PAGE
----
Kinder, gentler int-fiction...

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Fred Sloniker

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Mar 20, 1995, 1:12:59 AM3/20/95
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Hi, everybody! (Hi, Uncle Nick!)

Those of you with encyclopedic memories, or who routinely archive this
newsgroup, have probably noticed that I make the occasional post here.
Post, because I really like the concept of interactive fiction (which,
to me, is a way ordinary people can tell their tales without hiring
umpteen zillion people to draw pictures, score music, and put it in a
neat box. I have no philosophical objection to illustrated stuff-- in
fact, "The Secret of Monkey Island" is one of my all-time favorite
games. I just know I couldn't do that kind of game. But I
digress...) Occasionally, because up until now I haven't been able to
actually *play* any int-fiction (my lowly WB1.3 Amiga wouldn't run any
interpreters, and my Unix account is used for higher-priority things).
Well, I finally shelled out for WB3.1, so I can happily join the rest
of you guys... except for one problem. What to play?

A little background on my tastes in games...

* The important things for me are the plot, characterization, and
environment. I don't mind puzzles, as long as they're not too
braintwisting, but I expect to spend at least half my time playing a
game just looking around, talking to people, and trying strange
things.

* Dying is something of a turn-off for me; getting into an insoluble
position is a worse one, because I might save whilst stuck. One of
the main reasons I enjoyed "Monkey Island" so much is because I only
had to save when it was time to go to bed or eat or something; the
"Quest for Glory" series, which I also enjoyed, had frequent deaths
but warned when you were in danger (so I could save) and seldom, if
ever, reached an insoluble state.

* I enjoyed "Balances" because it was short, sweet, and fun (good ol'
frotz...) I never got into "Curses" because of how easy it was to get
into an insoluble state (and for another reason, listed below).
"Advent" (the Collossal Caves port) and "Adventureland" (the Scott
Adams one) were both too primitive for my tastes.

* Give me a simple task right off the bat and either let me fulfill it
right away or keep tossing incremental frustrations at me the whole
game (while still letting me see I'm making progress). "Curses"
doesn't give me enough sense of progress in finding that stupid map;
"Stationfall" hugely frustrated the initial task without supplying
enough direction for me to know what to do next.

...so, anyone have any suggestions for kind, gentle, fun int-fiction?
Or is all the stuff out there repeated deathtraps and puns on words?
(In which case I suppose I'll have to write something myself...)

---Fred M. Sloniker, stressed undergrad
L. Lazuli R'kamos, FurryMUCKer
laz...@u.washington.edu

This tagline has been classified in the interest of national security.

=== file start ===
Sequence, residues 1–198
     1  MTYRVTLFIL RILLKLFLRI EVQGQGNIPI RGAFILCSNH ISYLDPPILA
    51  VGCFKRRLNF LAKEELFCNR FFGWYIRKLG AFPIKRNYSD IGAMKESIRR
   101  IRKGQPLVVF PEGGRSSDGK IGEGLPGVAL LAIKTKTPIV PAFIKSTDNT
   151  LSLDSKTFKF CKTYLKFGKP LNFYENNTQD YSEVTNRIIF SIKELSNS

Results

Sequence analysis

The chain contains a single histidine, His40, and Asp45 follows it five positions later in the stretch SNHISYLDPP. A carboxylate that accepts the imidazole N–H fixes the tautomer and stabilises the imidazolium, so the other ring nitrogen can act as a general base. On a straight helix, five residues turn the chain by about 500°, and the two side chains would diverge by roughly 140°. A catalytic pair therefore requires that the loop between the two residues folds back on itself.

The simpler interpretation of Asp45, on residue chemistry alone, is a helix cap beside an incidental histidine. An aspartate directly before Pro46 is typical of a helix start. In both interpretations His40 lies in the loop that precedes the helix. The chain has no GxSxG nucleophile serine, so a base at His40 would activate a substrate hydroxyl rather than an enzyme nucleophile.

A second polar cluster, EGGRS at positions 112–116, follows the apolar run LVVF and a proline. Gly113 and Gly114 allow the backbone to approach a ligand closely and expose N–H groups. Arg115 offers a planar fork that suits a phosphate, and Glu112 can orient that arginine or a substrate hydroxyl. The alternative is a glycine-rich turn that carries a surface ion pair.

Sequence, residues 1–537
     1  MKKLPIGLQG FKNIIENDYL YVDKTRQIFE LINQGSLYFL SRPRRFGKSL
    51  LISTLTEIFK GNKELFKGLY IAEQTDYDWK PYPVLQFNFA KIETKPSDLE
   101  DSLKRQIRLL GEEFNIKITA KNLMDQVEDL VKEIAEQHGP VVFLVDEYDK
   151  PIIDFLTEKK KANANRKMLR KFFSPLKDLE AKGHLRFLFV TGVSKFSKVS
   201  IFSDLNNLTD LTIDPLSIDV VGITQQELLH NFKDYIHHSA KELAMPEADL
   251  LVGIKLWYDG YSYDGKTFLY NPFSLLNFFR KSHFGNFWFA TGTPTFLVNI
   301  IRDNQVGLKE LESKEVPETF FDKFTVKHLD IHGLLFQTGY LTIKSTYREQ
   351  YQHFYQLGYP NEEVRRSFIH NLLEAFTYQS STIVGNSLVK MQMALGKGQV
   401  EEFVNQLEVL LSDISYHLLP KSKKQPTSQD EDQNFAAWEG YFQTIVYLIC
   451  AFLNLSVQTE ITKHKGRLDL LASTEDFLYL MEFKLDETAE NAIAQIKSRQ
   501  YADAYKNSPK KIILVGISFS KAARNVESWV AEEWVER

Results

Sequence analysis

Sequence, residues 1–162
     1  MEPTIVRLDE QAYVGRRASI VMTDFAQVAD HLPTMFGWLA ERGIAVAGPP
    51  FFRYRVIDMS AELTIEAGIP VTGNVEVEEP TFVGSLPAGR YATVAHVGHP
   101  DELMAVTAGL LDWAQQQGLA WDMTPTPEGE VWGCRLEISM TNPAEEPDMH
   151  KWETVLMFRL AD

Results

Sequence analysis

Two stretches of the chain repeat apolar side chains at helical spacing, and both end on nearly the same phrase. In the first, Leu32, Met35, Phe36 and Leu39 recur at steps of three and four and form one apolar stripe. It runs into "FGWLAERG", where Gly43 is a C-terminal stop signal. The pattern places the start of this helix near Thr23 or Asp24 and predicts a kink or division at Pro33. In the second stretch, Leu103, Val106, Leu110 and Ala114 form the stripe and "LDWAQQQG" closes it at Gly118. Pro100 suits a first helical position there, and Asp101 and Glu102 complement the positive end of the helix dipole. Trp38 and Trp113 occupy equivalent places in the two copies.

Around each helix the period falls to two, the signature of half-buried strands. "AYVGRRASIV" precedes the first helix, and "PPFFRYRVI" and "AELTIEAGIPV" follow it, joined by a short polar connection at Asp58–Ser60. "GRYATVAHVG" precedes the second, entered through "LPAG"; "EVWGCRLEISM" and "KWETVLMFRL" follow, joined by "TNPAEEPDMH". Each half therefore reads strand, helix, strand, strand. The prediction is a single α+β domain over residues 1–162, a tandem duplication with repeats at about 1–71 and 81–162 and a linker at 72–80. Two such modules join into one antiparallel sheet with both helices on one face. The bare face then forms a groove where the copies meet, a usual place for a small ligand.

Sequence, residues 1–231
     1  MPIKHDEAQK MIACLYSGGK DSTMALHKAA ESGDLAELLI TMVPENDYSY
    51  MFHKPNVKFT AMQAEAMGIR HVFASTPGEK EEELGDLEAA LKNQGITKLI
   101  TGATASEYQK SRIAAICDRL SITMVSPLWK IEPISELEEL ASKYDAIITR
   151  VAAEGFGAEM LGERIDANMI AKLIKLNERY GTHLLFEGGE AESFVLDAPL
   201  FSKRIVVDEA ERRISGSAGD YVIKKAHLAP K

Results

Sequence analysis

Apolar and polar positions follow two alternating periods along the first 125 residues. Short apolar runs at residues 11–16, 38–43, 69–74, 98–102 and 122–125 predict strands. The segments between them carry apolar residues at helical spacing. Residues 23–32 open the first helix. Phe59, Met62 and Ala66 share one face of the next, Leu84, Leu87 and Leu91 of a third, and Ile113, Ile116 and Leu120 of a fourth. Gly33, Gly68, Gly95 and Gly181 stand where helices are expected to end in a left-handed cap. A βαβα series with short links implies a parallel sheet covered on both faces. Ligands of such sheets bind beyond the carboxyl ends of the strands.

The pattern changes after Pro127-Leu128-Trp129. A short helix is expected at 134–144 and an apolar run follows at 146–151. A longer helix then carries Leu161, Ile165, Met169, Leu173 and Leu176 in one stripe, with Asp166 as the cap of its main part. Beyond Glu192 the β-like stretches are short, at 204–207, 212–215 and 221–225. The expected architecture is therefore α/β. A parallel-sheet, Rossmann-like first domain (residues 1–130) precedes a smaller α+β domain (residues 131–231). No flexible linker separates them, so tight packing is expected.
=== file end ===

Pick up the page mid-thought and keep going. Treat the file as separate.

The Grim Reaper

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Mar 20, 1995, 3:34:03 AM3/20/95
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In article <3kj6db$q...@nntp2.u.washington.edu>,

Fred Sloniker <laz...@u.washington.edu> wrote:
>Hi, everybody! (Hi, Uncle Nick!)
>
>Those of you with encyclopedic memories, or who routinely archive this
>newsgroup, have probably noticed that I make the occasional post here.
>Post, because I really like the concept of interactive fiction (which,
>to me, is a way ordinary people can tell their tales without hiring
>umpteen zillion people to draw pictures, score music, and put it in a
>neat box. I have no philosophical objection to illustrated stuff-- in
>fact, "The Secret of Monkey Island" is one of my all-time favorite
>games. I just know I couldn't do that kind of game. But I
I gotta agree here. Myst, for instance, is a game that I understand had the
artwork almost entirely done by one person. Single-person games are becoming
a lost art in the industry, and it's really too bad. Anyway...

>A little background on my tastes in games...
>
>* The important things for me are the plot, characterization, and
>environment. I don't mind puzzles, as long as they're not too
>braintwisting, but I expect to spend at least half my time playing a
>game just looking around, talking to people, and trying strange
>things.

Agreed. Nice prose helps here, but cool items are good too. Cool items in
this case could be the spells in enchanter, the rod in Fire Witch, etc, etc.
Anything that's fun to play with. Talking to NPCs is amusing for me for
a little while, but I tend to get bored quickly if they recognize almost no
terms.

>* Dying is something of a turn-off for me; getting into an insoluble
>position is a worse one, because I might save whilst stuck. One of
>the main reasons I enjoyed "Monkey Island" so much is because I only
>had to save when it was time to go to bed or eat or something; the
>"Quest for Glory" series, which I also enjoyed, had frequent deaths
>but warned when you were in danger (so I could save) and seldom, if
>ever, reached an insoluble state.

Also agreed.

>* I enjoyed "Balances" because it was short, sweet, and fun (good ol'